What support is out there for first-home buyers
How to strengthen your borrowing power
Other good things to know
How we got into our first home - one young Auckland couple shares their story
We started with a mortgage broker and we had so many questions that our first meeting was two or three hours. We also took some time reading up online and any brochures we were given. We needed to learn, for example, what a LIM report was, the different types of property you can buy (leasehold, free-hold, cross lease) and why it was important to get a builders report.
Myron loved it straight away. I needed a little convincing... it needed a lot of love! The thing that got me over the line was the location – it was opposite a reserve and walking distance to a marina. I felt it was a nice place to raise a family and it felt right in my gut. The other thing that we really liked about it was that it was free-hold so we would own the land and we could even subdivide if we liked.
- Don't rush the process.
- Be careful not to be attracted to a place that has been recently renovated; sometimes vendors do them up as cheap as possible to look appealing.
- Do your best to see past something that is run down, and call on friends or family that are builders to take along to a property if you really like it.
- Don't get your heart too set on any one property, more often than not there will be lots of other buyers who would also love to own it. Go in with a mindset of "It would be great if we could get this house, but not the end of the world if we don't." There will always be another house that will suit your needs.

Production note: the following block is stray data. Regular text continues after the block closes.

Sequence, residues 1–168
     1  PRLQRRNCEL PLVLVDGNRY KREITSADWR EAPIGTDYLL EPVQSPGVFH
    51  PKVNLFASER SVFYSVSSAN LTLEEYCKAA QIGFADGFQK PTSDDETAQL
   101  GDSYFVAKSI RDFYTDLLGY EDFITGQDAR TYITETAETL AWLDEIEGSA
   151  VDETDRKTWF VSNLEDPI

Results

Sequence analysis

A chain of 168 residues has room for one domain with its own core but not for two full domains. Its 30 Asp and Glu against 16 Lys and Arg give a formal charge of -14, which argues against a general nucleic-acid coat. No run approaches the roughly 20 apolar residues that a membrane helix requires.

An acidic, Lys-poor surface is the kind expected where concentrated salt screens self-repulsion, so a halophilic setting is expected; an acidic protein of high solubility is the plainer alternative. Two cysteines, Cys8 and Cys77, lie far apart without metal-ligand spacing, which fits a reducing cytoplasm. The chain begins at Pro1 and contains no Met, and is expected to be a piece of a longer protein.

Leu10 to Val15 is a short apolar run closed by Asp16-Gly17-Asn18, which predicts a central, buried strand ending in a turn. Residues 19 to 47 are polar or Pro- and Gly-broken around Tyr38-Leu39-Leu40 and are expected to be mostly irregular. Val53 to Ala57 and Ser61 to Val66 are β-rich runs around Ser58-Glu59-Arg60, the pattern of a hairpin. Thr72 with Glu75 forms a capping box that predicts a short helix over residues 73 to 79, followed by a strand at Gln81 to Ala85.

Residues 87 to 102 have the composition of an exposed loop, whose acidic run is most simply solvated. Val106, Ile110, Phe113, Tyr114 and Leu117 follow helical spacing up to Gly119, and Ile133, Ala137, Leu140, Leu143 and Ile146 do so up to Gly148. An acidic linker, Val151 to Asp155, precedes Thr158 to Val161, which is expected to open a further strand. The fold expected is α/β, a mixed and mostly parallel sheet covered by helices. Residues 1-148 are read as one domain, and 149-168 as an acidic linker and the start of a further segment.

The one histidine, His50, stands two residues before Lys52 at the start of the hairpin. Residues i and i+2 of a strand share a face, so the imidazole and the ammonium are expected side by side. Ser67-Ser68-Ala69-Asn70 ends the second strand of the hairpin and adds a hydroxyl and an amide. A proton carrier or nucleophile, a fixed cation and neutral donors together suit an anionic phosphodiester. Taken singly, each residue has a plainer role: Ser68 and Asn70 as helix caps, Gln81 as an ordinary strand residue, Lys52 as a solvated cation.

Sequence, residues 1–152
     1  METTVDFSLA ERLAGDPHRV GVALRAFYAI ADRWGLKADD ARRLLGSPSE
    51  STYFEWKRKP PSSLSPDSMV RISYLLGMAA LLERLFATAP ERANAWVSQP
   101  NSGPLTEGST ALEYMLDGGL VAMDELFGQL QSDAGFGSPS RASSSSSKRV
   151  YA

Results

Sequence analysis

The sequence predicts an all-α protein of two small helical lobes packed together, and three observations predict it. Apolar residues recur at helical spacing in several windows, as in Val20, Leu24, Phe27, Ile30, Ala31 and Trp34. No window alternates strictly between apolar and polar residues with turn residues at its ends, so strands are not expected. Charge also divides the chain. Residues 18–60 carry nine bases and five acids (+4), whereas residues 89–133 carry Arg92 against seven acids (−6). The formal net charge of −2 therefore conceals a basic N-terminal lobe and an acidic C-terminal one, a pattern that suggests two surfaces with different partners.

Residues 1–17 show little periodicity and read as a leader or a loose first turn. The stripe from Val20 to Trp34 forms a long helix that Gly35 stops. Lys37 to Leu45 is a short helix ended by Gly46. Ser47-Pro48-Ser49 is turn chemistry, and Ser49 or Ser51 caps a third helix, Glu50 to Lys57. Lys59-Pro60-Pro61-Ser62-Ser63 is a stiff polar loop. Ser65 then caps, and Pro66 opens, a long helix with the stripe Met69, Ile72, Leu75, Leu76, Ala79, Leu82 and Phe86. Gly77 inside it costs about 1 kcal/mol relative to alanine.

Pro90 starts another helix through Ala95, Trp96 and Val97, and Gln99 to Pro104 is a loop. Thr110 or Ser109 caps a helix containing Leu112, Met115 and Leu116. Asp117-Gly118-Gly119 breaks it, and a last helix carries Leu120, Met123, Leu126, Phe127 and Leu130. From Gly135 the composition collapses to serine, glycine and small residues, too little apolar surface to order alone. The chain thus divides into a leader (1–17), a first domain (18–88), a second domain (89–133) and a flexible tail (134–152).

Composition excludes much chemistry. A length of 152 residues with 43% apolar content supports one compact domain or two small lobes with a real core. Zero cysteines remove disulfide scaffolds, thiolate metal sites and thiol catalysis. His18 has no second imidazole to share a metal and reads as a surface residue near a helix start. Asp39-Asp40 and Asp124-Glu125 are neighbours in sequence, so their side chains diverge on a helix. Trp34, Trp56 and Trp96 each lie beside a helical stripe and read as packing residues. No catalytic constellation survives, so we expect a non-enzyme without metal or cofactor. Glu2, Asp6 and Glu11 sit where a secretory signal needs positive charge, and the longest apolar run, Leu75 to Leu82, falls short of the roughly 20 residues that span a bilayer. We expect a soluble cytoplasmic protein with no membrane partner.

- When buying a house think about what the maximum amount is that you'd be willing to spend on it. That way you can decide on a good number to offer and allow some wriggle room to negotiate if you can.
- The majority of people interested in our house were investors. We knew this house was a family home and we wanted to let the owners know a little about us so we wrote a handwritten letter to them which we asked the agent to present with our offer. The letter thanked them for opening up their house and it also gave them a little insight about who we were (small, young family looking for their first home). So, for those of you looking for your first home sometimes it's those simple touches that can make the difference and make you stand out!
And last but not least - how to pay off that mortgage faster
If your repayments are $973, for example, round them up to $1000 – every dollar counts towards reducing that debt faster.
If your monthly repayments are $1000, over the course of 12 months you'll pay $12,000. But if your repayments are $500 per fortnight, over the course of the year you'll pay 26 x $500, which is $13,000.
If you come into some money or build up extra savings in your rainy day account, put it on your mortgage. It's always better to service debt first because you're likely to be paying a higher interest rate on your mortgage than you'd receive in interest from savings. But ask your bank how much you can pay off as a lump sum before you're charged a penalty fee. Different banks have different criteria for how much extra you can put down per annum before incurring penalty fees.
This can be done at BNZ or Kiwibank. Say you have a home loan of $200,000 and you also have savings accounts and they're worth a total of $10,000. You can offset the savings accounts against your home loan to reduce the amount of interest you pay on the loan - so instead of paying interest on $200,000 you only pay interest on $190,000.